From reader F.T.:
If 29% of assets are mark-to-market today (after markdowns), what proportion were they a year ago when this problem was rearing its head? With prices of many mortgage securites–RMBS, CMBS & CDOs priced south of 50–due to distressed liquidations at fire-sale prices–the year-earlier proportion could have been roughly twice as large. No bank has sufficient capital for an asset category to take a 50% hit.
Triple-A mortgage securities only required a 1.2% capital charge (reserve), so even a small price move would be distorting (and devastating) to the capital position.
The distressed selling causes lower asset marks, requiring banks to raise capital, raise liquidity, forcing more selling, while investors sit and wait for even lower prices because they know the banks have to sell. It’s a game of musical chairs and hot potato.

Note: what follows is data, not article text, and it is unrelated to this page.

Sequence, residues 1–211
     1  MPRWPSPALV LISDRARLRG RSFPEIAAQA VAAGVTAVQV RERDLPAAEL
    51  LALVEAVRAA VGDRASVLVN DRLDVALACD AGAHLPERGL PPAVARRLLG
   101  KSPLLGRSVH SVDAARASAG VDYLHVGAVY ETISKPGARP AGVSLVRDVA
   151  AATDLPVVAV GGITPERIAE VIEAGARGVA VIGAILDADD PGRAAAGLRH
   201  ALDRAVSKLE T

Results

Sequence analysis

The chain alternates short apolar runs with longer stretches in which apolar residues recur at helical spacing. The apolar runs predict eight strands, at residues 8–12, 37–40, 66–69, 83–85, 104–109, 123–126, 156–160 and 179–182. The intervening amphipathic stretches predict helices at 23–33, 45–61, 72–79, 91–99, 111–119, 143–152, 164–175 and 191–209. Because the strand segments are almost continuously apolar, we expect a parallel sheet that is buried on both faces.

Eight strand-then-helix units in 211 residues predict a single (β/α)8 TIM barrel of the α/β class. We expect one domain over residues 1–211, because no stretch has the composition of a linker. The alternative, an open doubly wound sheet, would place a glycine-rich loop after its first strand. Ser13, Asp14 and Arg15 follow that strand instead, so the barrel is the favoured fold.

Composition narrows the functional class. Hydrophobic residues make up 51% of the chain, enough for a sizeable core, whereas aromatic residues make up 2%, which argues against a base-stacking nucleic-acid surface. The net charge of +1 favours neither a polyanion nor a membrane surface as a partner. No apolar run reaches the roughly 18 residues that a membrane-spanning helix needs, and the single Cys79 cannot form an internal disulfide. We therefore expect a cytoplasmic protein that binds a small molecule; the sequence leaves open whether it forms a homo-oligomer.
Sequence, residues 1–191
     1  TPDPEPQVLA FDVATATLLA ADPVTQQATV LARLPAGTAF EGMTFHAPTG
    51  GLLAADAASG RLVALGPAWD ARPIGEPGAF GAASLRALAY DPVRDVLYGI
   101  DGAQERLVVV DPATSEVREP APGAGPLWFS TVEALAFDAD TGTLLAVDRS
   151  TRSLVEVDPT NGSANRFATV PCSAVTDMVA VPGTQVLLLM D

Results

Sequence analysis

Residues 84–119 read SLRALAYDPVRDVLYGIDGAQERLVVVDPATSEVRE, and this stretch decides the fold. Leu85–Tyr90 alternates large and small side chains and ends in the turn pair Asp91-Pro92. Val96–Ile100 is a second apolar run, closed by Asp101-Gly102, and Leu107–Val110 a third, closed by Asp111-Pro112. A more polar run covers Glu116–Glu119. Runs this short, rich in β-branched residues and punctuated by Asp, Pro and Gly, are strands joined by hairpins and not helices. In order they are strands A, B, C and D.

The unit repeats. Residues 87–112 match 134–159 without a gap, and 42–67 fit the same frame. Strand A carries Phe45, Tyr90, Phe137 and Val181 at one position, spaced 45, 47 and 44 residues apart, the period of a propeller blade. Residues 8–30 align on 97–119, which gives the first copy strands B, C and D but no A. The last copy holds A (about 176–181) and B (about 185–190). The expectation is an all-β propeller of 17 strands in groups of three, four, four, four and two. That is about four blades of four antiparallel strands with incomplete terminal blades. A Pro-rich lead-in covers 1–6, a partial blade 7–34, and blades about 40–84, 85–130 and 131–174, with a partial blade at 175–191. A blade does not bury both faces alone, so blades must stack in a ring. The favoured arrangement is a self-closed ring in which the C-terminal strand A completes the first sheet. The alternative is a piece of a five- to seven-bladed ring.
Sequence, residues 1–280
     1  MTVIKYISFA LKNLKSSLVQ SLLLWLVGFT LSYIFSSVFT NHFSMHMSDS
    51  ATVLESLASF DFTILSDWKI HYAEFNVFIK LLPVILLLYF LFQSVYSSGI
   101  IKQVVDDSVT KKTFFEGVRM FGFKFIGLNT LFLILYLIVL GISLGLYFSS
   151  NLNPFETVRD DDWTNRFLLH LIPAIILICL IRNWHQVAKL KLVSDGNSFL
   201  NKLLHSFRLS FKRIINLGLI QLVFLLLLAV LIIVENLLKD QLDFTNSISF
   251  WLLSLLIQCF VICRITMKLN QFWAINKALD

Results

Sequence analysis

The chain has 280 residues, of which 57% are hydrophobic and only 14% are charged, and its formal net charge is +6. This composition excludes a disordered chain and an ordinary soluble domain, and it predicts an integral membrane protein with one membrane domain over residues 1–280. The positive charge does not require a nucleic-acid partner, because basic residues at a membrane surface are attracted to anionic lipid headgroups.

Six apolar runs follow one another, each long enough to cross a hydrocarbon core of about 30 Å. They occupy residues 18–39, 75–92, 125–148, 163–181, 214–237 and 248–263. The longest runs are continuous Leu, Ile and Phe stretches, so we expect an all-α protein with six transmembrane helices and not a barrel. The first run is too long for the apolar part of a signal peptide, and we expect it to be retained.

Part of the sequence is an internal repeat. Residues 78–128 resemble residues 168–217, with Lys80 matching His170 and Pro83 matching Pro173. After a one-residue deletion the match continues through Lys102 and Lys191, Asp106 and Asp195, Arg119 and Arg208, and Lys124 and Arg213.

Markets are frozen because no bank wants lower asset marks–it’s in none of the banks’ interests to cause another round of vicious mark-downs. I think its Reilly who’s confused about frozen markets and the concept of mark-to-market.
And he gave away his confusion/ignorance by comparing the accounting for loans and securities–as if there’s some mystical “market price” for loans that is detached from the accounting treatment. Which is precisely the point, i.e. if the cash flow from the investment is performing, why write-down its value as a charge-off against capital? If it is performing sub-optimally, write it down accordingly. This is not done based on a subjective judgment, but objectively based on cash-flow performance.
There much more wrong with the article, but I’m getting a headache thinking about his inane observations.